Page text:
Date: 1/7/18 12:33 pm
From: Joseph C. Neal <joeneal...>
Subject: UNEXPECTED WHIRLWIND TOUR BEFORE THE RAIN
Our whirlwind tour through western Benton County was unexpected. Before onset of predicted most-of-the-day rain, we planned birding at Craig State Fish Hatchery in Centerton. We made it to the hatchery before rain, but security gates were locked. Even with locked gates, walk-ins are OK, but we decided not to because of coming rain. This proved a godsend. We could see an adult Bald Eagle keeping a sharp eye on things inside.

A huge flock of blackbirds were mostly female Red-wingeds and a small number of Brown-headed Cowbirds. Wilsonís Snipes (20) were working lawns across from the hatchery, perhaps because mud inside was likely frozen. A spring fed pond across the street was full of Mallards (~60), plus Green-winged Teal, (4-5), and many Song and Swamp Sparrows. Locked gates opened unexpected opportunity.

Now with time available, we started a tour south of the hatchery. Immediately had a fine Kriderís Hawk, brilliant white on such a gray day. A spring fed stream that flows south from the hatchery was also full of Mallards (~40) plus a few Northern Shovelers (3). Down Holloway Road, a black black Harlanís Hawk. At the dairy farm, a Harrisís Sparrow with about as black a face as I have ever seen and at least 40 White-crowned Sparrows.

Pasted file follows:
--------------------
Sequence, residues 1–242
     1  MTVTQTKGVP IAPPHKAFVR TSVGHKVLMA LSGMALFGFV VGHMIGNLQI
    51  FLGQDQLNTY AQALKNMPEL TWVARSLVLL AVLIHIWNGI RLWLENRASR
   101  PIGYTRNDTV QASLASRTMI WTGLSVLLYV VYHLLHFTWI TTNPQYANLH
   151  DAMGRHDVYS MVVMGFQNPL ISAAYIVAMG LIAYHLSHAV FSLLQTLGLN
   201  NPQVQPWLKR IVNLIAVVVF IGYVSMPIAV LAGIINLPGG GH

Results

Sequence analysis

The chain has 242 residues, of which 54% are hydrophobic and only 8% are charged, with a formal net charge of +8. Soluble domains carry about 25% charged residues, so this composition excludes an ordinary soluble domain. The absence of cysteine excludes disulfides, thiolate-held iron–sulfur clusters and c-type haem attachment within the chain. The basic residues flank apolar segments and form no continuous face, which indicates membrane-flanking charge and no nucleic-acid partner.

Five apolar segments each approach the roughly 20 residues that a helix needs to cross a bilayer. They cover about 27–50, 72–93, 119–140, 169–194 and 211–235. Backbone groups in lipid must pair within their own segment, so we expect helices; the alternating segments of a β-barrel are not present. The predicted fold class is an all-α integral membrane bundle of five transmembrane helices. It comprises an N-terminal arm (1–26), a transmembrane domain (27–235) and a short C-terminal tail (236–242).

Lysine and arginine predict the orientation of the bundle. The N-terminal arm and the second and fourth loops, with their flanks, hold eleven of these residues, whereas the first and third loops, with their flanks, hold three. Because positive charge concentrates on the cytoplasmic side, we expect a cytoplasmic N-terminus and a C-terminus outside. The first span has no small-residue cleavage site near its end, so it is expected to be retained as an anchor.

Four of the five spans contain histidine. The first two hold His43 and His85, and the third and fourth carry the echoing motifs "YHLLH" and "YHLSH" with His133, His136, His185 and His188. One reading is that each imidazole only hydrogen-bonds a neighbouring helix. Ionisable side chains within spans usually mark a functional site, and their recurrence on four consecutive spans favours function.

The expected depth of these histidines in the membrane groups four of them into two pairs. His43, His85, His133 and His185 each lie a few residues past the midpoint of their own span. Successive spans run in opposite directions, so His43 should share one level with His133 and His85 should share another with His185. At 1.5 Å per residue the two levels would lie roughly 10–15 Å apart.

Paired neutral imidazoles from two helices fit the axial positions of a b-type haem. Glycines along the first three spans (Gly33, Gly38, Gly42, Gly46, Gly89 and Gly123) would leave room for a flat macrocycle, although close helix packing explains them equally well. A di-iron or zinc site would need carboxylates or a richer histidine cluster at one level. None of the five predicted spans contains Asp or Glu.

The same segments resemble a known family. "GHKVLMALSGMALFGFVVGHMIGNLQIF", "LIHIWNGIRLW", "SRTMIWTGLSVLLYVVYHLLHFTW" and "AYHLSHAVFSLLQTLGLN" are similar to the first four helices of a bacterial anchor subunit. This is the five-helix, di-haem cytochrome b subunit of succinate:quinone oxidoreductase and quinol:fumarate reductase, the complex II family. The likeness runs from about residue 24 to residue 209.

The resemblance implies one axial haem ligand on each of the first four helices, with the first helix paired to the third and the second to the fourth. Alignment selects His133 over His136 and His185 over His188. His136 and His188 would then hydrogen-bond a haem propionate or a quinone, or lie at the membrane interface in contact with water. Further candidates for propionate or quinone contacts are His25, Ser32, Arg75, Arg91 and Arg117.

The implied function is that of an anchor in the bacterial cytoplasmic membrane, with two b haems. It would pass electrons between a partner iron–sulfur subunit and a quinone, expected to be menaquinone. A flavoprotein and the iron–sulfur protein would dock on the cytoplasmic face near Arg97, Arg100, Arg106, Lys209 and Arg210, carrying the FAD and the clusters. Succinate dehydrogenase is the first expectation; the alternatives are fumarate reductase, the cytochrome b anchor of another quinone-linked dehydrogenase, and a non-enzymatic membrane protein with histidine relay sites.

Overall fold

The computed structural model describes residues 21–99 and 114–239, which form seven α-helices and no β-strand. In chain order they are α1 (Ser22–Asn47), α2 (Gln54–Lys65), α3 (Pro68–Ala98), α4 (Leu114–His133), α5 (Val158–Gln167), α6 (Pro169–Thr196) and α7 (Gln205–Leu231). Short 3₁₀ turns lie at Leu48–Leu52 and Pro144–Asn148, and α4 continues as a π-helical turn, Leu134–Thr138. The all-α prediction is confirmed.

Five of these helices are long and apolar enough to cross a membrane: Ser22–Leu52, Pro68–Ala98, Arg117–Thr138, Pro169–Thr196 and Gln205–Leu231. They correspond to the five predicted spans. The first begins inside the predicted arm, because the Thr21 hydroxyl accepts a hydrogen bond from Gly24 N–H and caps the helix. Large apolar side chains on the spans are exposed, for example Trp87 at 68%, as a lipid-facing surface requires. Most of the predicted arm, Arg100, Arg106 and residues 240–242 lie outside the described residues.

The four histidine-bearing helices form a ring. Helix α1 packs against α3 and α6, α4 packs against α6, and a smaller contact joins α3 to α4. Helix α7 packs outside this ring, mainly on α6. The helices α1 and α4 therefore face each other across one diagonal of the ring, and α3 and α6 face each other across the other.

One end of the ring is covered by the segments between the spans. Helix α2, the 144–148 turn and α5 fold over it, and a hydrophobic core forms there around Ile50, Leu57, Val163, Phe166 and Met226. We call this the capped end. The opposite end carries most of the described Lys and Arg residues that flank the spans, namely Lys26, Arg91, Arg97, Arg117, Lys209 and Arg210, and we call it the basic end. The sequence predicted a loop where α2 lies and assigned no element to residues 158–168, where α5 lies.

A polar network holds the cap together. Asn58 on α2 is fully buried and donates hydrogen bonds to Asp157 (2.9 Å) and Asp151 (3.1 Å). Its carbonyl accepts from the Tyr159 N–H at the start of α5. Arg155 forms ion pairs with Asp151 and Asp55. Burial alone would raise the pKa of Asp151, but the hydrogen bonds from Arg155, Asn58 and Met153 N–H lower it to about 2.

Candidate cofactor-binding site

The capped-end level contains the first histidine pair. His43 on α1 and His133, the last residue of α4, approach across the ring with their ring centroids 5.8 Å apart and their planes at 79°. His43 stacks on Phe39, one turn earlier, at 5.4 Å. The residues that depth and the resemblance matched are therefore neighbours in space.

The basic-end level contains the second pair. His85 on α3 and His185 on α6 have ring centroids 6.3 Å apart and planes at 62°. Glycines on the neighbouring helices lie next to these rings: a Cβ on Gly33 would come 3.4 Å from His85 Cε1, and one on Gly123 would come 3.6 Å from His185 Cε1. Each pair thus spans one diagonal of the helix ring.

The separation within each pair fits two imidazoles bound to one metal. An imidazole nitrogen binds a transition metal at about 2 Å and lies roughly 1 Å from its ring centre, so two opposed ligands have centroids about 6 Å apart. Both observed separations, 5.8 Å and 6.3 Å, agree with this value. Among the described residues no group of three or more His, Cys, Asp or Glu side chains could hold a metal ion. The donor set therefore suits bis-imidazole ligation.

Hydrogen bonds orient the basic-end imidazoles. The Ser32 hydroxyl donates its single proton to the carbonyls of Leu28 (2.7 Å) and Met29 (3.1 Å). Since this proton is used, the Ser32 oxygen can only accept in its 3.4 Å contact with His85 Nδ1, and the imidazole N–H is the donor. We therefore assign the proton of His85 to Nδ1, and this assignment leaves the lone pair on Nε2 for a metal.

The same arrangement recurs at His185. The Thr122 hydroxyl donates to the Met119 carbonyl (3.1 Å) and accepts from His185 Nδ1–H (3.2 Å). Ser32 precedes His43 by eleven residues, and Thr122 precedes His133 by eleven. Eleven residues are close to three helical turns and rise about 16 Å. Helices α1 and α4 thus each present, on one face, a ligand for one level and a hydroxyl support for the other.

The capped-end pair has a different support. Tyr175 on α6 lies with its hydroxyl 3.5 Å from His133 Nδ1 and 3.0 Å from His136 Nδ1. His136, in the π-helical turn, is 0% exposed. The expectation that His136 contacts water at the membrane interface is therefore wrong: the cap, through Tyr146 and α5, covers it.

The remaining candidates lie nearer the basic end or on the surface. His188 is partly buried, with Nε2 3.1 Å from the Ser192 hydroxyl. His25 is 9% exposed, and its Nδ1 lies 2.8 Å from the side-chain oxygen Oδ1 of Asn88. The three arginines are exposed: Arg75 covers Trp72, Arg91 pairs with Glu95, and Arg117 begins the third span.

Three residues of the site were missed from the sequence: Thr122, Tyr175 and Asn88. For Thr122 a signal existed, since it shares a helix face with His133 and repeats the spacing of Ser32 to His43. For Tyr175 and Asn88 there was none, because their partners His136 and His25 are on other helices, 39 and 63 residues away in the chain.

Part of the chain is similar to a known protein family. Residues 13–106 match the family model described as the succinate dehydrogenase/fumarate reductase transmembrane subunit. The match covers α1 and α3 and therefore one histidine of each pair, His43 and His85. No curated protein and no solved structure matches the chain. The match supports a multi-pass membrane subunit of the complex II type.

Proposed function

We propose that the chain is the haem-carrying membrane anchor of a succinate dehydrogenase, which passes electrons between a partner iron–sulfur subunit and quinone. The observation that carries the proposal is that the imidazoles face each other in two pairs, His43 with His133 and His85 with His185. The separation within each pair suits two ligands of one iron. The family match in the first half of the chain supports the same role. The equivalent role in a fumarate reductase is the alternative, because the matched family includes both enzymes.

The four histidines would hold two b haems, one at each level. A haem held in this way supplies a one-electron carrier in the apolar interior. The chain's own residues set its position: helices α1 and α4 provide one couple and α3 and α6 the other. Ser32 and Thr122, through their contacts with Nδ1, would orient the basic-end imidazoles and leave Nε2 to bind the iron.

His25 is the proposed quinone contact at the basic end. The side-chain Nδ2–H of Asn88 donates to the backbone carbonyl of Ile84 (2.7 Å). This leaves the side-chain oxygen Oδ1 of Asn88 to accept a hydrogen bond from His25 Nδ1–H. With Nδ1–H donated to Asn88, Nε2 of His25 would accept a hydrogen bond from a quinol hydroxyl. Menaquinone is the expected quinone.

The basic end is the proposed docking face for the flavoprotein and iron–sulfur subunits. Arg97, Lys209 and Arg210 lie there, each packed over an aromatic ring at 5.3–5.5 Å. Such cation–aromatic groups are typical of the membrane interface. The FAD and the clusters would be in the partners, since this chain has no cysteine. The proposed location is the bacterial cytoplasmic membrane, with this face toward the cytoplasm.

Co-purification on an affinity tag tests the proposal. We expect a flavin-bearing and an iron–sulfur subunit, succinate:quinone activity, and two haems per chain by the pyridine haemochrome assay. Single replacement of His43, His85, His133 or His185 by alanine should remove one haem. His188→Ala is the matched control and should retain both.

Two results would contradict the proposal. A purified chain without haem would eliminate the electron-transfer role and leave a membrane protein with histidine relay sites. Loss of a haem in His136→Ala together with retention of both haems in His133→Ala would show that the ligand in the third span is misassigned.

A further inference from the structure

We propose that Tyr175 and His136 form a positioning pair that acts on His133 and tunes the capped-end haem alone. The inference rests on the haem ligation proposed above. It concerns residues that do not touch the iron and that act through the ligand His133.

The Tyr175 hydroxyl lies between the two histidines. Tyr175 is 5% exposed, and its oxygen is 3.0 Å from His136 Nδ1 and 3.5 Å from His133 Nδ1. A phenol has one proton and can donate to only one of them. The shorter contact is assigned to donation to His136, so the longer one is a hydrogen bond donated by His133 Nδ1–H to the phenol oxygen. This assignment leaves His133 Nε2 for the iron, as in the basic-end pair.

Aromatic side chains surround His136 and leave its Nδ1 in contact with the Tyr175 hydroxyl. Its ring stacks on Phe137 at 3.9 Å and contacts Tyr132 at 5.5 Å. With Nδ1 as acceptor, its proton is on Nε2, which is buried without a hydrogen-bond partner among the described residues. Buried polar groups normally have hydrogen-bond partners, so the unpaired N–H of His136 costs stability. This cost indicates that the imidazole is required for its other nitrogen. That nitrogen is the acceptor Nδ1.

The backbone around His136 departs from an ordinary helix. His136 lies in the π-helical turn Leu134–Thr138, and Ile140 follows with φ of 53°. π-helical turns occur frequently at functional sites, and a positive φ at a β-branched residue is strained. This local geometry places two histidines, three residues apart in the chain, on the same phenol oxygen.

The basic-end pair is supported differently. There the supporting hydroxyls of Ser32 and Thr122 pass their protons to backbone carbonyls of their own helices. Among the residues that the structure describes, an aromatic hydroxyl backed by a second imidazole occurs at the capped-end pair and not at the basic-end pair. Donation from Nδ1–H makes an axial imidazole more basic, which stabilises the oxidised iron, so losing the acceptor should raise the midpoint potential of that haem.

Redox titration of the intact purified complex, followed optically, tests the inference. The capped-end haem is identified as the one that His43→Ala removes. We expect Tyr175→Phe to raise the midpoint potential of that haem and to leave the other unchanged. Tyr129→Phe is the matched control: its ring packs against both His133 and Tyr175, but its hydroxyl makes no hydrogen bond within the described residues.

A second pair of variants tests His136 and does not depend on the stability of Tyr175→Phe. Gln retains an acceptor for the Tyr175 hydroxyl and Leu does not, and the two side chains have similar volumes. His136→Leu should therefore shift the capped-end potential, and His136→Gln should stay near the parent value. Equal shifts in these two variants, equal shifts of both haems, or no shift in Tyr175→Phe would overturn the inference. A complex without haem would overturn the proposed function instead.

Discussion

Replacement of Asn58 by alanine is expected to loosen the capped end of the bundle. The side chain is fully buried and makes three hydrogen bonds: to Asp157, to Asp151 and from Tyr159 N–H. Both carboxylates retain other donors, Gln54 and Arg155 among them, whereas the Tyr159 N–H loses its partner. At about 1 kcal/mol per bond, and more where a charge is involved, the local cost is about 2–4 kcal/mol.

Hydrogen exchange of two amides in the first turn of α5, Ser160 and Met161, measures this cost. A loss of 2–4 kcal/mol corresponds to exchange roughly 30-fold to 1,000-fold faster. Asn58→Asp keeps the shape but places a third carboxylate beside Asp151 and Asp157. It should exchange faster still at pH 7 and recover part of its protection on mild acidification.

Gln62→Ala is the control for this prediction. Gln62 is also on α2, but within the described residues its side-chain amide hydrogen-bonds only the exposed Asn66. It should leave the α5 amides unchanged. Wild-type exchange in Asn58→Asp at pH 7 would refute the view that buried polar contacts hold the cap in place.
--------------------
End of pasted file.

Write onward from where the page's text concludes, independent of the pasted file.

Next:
A few miles southeast of the hatchery thereís some pretty good roadside birding attractions in the Highfill area. We hadnít planned on that, either, and it was starting to mist, so what the heck Ö maybe thatís why god gave us windshield wipers Ö

A flock of maybe (?) Horned Larks flew across a big field not far from Northwest Arkansas Regional Airport. We got great for sure looks at Savannah Sparrows (~18) on a barbed wire fence. Then another adult Bald Eagle. A bunch of cardinals were just ahead in a roadside thicket. They really stand out on a gray winter day. There were also a few sparrows. Then Joan noticed a yellow bird.

This proved to be a Palm Warbler! We could see it well enough, even through windows, to pick out the rufous crown and brilliant yellow undertail. The mainly light-colored belly and light supercilium made us think it was one of the brown western palms. We both got photographs Ė a little gray like the day, but useful.

Light spotty rain was starting, but we decided to make one more pass by the hatchery. Gates still closed, and maybe because of that -- and therefore time well spent elsewhere -- a remarkable winter morning of birding.


 
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